Marin Darsie, MD, Assistant Professor of Emergency Medicine and Neurosurgery, was interviewed by the American Medical Association (AMA) regarding her role as VotER Site Champion for the University of Wisconsin School of Medicine and Public Health. Download a PDF of the full interview or read on the AMA website (membership required to access the article).
What is VotER? It is a national program that empowers patients to vote by providing voter registration tools while they wait in the Emergency Department. It aims to help the 50 million people in the U.S. who are not registered to vote become registered voters and cast a ballot. VotER focuses on patients in the ER and other places like community health centers, free care clinics, and clinics where marginalized patients receive care, as many of the 50 million unregistered voters are those in underserved populations.
VotER offers non-partisan voter registration in a way that does not interrupt the healthcare delivery process. Some argue that 2020 has shocked the nation both in and out of the healthcare setting, shedding light on major public health and civic health disparities. Physicians like Darsie are focusing on doing more to address the underlying causes of these disparities.
"I had been making donations to food banks and GoFundMe accounts, but what if I actually had the ability to change the system so the system starts taking care of people? We could stop relying on the goodness and kindness of volunteers and instead change the system. I’ve been focused on ways in which I could have an impact, so VotER was a natural extension of that. Voting is not a panacea, but it is a fundamental way to address the structural problems I have seen in healthcare."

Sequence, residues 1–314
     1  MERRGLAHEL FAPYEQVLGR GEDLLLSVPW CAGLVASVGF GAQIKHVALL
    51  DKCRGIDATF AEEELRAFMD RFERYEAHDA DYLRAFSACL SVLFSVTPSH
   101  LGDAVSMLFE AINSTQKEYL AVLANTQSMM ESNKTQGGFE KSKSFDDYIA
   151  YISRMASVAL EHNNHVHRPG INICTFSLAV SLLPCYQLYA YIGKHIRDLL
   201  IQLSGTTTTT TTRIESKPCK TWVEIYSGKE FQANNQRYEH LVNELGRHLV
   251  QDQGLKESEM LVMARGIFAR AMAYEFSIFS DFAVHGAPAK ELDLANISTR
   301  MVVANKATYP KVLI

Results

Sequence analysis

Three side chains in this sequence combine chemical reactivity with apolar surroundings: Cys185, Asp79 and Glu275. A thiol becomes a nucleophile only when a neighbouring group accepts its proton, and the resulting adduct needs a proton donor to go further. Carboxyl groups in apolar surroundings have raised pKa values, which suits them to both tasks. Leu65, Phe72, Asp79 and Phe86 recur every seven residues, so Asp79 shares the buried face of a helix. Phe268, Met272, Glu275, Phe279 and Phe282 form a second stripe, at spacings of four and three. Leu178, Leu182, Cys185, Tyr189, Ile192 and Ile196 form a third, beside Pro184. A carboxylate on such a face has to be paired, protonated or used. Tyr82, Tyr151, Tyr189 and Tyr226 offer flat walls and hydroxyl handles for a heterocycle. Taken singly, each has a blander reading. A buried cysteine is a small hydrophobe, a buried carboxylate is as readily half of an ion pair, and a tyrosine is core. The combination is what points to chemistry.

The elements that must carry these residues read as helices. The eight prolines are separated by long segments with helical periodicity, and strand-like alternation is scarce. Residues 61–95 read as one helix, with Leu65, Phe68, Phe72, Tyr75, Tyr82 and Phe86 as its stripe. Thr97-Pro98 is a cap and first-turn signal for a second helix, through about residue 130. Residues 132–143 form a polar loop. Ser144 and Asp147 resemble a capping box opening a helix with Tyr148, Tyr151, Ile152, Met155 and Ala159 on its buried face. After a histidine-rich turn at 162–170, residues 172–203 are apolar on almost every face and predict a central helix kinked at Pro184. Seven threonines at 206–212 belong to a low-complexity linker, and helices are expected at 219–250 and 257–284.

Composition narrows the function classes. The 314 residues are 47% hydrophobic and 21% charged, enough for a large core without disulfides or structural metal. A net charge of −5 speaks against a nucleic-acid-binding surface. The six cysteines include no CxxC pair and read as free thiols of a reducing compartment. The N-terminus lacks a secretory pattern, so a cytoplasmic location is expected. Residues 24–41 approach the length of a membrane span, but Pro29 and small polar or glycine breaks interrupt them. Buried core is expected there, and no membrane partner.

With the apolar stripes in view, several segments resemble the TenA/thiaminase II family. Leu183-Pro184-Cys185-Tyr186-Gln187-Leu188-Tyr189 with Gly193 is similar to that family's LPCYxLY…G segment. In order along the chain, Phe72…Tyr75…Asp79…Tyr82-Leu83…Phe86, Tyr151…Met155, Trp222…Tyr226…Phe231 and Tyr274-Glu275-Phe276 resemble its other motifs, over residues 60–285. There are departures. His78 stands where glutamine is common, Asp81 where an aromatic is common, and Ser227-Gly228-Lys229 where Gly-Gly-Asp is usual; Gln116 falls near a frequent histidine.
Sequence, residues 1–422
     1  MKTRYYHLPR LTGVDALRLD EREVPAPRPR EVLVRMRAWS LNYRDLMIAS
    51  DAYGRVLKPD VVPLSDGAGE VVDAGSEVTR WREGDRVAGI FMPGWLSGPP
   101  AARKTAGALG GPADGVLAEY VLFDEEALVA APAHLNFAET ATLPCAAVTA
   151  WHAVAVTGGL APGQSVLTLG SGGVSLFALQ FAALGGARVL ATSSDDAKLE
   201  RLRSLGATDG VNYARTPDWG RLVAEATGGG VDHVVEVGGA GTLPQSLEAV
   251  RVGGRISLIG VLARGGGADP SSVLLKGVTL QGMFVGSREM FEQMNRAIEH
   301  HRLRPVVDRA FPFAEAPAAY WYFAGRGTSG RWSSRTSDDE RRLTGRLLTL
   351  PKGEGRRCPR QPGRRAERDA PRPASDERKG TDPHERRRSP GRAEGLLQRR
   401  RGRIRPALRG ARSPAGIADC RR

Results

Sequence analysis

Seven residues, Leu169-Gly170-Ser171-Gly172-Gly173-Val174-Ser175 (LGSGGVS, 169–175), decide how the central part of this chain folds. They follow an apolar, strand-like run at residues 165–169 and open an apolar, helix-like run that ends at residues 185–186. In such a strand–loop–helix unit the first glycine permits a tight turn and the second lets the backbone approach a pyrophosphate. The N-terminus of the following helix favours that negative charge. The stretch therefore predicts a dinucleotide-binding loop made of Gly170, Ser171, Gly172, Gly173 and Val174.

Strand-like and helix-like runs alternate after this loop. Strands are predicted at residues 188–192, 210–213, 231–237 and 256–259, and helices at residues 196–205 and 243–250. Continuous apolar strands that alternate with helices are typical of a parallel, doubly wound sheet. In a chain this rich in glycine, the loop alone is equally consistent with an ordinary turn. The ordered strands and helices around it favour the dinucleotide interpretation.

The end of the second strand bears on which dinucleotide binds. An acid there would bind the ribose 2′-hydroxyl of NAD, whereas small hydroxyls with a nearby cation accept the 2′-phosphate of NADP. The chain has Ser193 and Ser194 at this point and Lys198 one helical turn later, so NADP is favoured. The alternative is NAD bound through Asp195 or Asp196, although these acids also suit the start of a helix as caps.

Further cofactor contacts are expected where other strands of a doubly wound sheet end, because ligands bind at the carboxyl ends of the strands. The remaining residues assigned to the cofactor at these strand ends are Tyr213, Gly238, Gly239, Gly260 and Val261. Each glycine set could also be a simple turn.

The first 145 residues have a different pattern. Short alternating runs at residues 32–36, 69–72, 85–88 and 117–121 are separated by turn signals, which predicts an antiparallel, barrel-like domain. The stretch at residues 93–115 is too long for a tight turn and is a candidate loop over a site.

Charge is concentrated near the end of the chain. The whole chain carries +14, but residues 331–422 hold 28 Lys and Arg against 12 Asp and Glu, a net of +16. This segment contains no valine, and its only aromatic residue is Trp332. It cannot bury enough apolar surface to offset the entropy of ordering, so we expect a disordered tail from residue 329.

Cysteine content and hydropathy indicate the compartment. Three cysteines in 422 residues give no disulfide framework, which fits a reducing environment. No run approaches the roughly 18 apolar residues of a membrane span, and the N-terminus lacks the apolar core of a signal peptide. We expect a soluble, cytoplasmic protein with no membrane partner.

Darsie argues the cross-section of civic engagement and healthcare is a powerful tool for enfranchising communities and educating people about how healthcare policies affect their own well-being. "We need to use our platform [as physicians] to advocate for changes. We know the healthcare system and the ways to improve it that the average person may not. It is our obligation to become advocates and let them know that they have a voice," she says.
Alister Martin, MD, MPP, founder of the VotER program and an Emergency Medicine Specialist at Massachusetts General Hospital and an instructor at Harvard Medical School in the Faculty Center for Social Justice and Health Equity, recalls a Toni Morrison quote as a driving force behind his vision for VotER. "When you get these jobs that you have been so brilliantly trained for, just remember that your real job is that if you have some power, then your job is to empower somebody else."
To learn more about VotER and get involved at your home institution, visit Vot-ER.org and help strengthen our healthcare system —one vote at a time.